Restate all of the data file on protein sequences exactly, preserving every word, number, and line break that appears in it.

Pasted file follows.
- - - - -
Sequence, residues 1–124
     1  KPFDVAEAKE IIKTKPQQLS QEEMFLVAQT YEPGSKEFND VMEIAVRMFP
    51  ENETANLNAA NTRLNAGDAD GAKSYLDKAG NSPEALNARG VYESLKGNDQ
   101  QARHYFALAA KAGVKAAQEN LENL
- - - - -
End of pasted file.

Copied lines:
Sequence, residues 1–124
     1  KPFDVAEAKE IIKTKPQQLS QEEMFLVAQT YEPGSKEFND VMEIAVRMFP
    51  ENETANLNAA NTRLNAGDAD GAKSYLDKAG NSPEALNARG VYESLKGNDQ
   101  QARHYFALAA KAGVKAAQEN LENL